Dr. Elliott Sohn MD poses for a portrait inside a retinal examination room at the Eye Care Clinic in UIHC on Wednesday, Sept. 6, 2017. Dr. Sohn is working on a cure for inherited retinal blindness using gene therapy and STEM cell research. He is also an amateur Forumla Lites driver and will be participating in the SCCA National Championship Runoffs in Indianapolis on Oct. 1. (Ben Smith/The Daily Iowan)

UI ophthalmologist combines work, hobby

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When he’s not seeing patients or researching for a cure for inherited retina diseases, UI ophthalmologist Elliott Sohn can be found on the racetrack.

By Paige Schlichte

paige-schlichte@uiowa.edu

At first glance, University of Iowa Associate Professor of ophthalmology Elliot Sohn looks like your typical physician — white lab coat, medical journals lining the shelves of his office. But there is more than what meets the eye.

Day to day, he’s an ophthalmologist at the University of Iowa Hospitals and Clinics Eye Care Clinic and a faculty member in the Ophthalmology and Visual Sciences Department. He conducts research at the Wynn Institute for Vision Research. 

In his free time, he is an amateur racer in the Sports Car Club of America.

His interest began several years ago, when he was introduced to street racing by a colleague.

“I had a blast, and I started looking for a car to do racing in a way that is a lot more affordable and safer than racing my street car,” Sohn said.

He races for the Sports Car Club of America, one of the biggest amateur racing organizations in the U.S. with more than 65,000 members.

His first race was in April; he has competed in six thus far, and has a few victories to his name, with two second-place finishes and one third.

When he’s not on the track, Sohn conducts research at the Wynn Institute.

“It’s essentially a big team of scientists and clinicians who are all uniting to cure inherited retinal disorders and other inherited eye diseases,” Sohn said.

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At Wynn, Sohn is part of a team that has had a breakthrough in searching for a cure for inherited retinal diseases in which patients have lost the retinal cells that sense light and drive vision.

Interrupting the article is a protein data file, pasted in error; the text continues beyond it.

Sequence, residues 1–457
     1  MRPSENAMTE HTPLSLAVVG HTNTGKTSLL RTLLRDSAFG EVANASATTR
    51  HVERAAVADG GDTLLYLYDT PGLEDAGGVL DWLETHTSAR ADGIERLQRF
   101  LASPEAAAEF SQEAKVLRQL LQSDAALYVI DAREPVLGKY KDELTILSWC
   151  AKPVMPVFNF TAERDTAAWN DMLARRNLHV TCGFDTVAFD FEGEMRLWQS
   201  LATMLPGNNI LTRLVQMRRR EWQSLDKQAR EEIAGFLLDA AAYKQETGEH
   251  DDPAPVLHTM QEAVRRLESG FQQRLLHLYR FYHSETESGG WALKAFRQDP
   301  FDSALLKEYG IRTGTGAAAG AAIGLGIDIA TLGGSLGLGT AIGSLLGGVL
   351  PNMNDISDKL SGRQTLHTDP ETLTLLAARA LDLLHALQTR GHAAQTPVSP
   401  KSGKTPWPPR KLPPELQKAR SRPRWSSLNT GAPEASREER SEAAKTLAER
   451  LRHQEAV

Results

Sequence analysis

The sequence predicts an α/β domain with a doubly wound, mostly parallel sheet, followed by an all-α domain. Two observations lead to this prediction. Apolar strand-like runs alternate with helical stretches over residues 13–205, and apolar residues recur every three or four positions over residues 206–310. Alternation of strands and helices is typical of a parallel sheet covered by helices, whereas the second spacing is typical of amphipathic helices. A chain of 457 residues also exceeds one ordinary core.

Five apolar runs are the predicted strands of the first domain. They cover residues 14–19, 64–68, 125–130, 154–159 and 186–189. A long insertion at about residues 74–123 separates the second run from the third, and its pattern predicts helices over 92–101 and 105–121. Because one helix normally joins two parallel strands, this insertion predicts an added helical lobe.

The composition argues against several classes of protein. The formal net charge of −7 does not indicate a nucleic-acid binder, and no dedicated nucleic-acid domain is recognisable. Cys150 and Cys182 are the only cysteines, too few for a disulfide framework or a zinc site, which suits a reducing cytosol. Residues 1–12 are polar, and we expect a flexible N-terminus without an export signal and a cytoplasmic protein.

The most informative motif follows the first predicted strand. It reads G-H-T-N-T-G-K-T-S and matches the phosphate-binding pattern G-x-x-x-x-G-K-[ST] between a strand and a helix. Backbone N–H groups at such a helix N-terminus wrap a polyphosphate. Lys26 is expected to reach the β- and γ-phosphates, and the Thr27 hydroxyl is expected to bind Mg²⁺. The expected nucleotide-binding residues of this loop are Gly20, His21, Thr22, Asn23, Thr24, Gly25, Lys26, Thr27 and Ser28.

“What we’re doing is using stem cells made from someone’s skin to create retinal cells that will eventually go back into that same person to restore vision,” Sohn said. “These patients have genetic mutations, so we also have the ability to correct the mutation in the stem-cell phase.”

Sohn said right now this research is happening in pre-clinical models to establish safety and hopefully gain approval from FDA to initiate clinical trials. 

As for his racing career, Sohn has one more race left this year – the 2017  Runoffs, the auto club’s national championship. For the first time ever, the race will be held at Indianapolis Motor Speedway, with more than 1,000 drivers competing in a three-day span.

Sohn will race on Oct. 1, after spending 10 days prior to the race at the track, practicing, testing, and doing qualifications.

Sohn does not leave work behind on the track — the side of his race car sports the Wynn logo, which generates interest in the institute.

“At the races, people come up to me and ask about the research we’re doing,” he said.

Katie Sturgell, the Wynn associate director of development, raises funds for the institute and works with Sohn.

“In his racing, he’s raising support for Wynn Institute,” Sturgell said. “He combines his skills as a doctor and a passion for race-car driving. The work he’s doing is bringing more people into our area and making them aware of the groundbreaking research happening at Wynn.”

Don Shriver is a patient of Sohn’s who also knows him personally; Sohn has raced several times at Blackhawk Farms,  near Shriver’s home in Illinois. Sohn stays with him during these races.

“He has an attitude as a surgeon that he wants to perform at the highest level he can, and he takes that attitude to racing,” Shriver said.

“Ophthalmology is my main job, and that’s not going to change,” Sohn said. “… It is a perfect crossover of my work life and my fun life.”

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